Sweet baby Jesus, please let public restrooms all become inclusive/family restrooms already. They’ve been a problem for many of us (if not most of us, at least once in a while) for years, including folks in the non-transgender majority. John D. Sutter argues that sexed bathrooms are relics that should be abolished as racially-exclusive public restrooms were fifty years ago. I agree entirely, especially because there’s such a simple solution right before us!
When I was a first-time mother back in the early 2000s, the “family restroom” was fairly new on the scene, and I thought they were lifesavers. (Maybe they were there all along, and I just didn’t have occasion to seek them out beforehand?) Changing a baby in most public restrooms isn’t too difficult–I thought the family restrooms were even more useful when the children become toilet-trainee toddlers and little kids, because that’s when the extra space and time for everyone to go came in very handy.
I’m sure that most of you, like me, have had occasion to enter an opposite-sex restroom. For opposite-sex caregivers of the very young and the very old, it happens all of the time. What about fathers of young daughter, who might be just fine using the women’s room, but at what age? Age 5? Age 4? What if they’re alone and don’t have a sibling to accompany them? Mothers of young boys–at what age do you stop insisting that they follow you into the women’s room? And looking after babies and young children is the easy stuff–what about caregivers of very elderly and/or disabled people, who might need toileting assistance? Should their ability to travel or appear in public depend on their having a same-sex caregiver who can take them into public restrooms assigned either to men or to women?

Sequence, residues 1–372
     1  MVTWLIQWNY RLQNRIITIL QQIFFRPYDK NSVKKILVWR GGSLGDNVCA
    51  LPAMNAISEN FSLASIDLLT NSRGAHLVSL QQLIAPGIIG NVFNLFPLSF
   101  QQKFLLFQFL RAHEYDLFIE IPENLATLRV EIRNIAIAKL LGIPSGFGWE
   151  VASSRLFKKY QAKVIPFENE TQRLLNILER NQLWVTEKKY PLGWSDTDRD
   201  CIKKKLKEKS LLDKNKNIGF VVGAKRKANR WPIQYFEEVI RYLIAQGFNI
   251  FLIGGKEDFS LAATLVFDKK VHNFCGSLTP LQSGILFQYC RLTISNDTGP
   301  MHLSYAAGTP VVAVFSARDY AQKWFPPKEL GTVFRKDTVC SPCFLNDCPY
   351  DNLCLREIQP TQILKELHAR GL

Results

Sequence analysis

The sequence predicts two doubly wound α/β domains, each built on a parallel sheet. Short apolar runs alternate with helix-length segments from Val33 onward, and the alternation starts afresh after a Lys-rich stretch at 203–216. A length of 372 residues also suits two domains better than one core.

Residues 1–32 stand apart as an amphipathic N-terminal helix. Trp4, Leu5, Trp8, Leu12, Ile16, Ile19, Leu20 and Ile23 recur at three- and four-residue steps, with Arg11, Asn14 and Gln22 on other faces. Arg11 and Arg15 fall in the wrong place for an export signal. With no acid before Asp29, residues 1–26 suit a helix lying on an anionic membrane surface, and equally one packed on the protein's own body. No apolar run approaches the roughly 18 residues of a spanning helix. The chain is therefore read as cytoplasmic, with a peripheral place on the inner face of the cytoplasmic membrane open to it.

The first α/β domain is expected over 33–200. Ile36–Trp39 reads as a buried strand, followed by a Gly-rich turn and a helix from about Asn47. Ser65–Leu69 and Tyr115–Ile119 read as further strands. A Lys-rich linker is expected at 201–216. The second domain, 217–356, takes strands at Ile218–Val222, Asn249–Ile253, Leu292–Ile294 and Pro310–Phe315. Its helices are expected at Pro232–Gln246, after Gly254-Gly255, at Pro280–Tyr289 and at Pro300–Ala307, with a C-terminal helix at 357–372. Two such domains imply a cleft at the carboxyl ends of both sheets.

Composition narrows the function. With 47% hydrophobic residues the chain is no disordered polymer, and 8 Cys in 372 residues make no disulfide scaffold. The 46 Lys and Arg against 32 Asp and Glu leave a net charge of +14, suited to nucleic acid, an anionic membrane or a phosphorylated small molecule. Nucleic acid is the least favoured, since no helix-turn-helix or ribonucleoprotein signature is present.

But long before North Carolina passed its noxious bathroom bill, public restrooms were spaces in which some people have felt free to shame one another. As a short-haired woman (and a femmy one at that), I’ve been scolded for using the women’s room! This also has happened to most of the butch lesbians I know, too. Even as an XX woman who’s recognized 99.9% of the time as a woman, it’s embarrassing when someone presumes to gender-shame you. Once, when I was in a gas station waiting in the long line for the women’s room, I hopped into the (empty!) men’s room to relieve myself (trust me, it was a travel emergency), and was then lectured by the clerk as I walked out, “next time, you can use the ladies’ room!” (Yeah, like there’s gonna be a next time! Piss off, South Bend, Indiana!)
So count me among the millions of Americans who would be thrilled to see our sexed bathrooms go the way of “smoking areas” on airplanes and restaurants, and racially segregated drinking fountains. As Sutter argues, “No one’s harmed as long as we men stop peeing on the toilet seat.” (Truth be told, women are just as guilty! Maybe even worse, because some extremely stupid women think that sitting down on a toilet seat will somehow be more sanitary for them than trying to hover over and peeing all over the seat. Tacky!)
So please, everyone: if you sprinkle when you tinkle, please be neat and wipe the seat!
6 thoughts on “Restroom panic! The solution is so obvious.”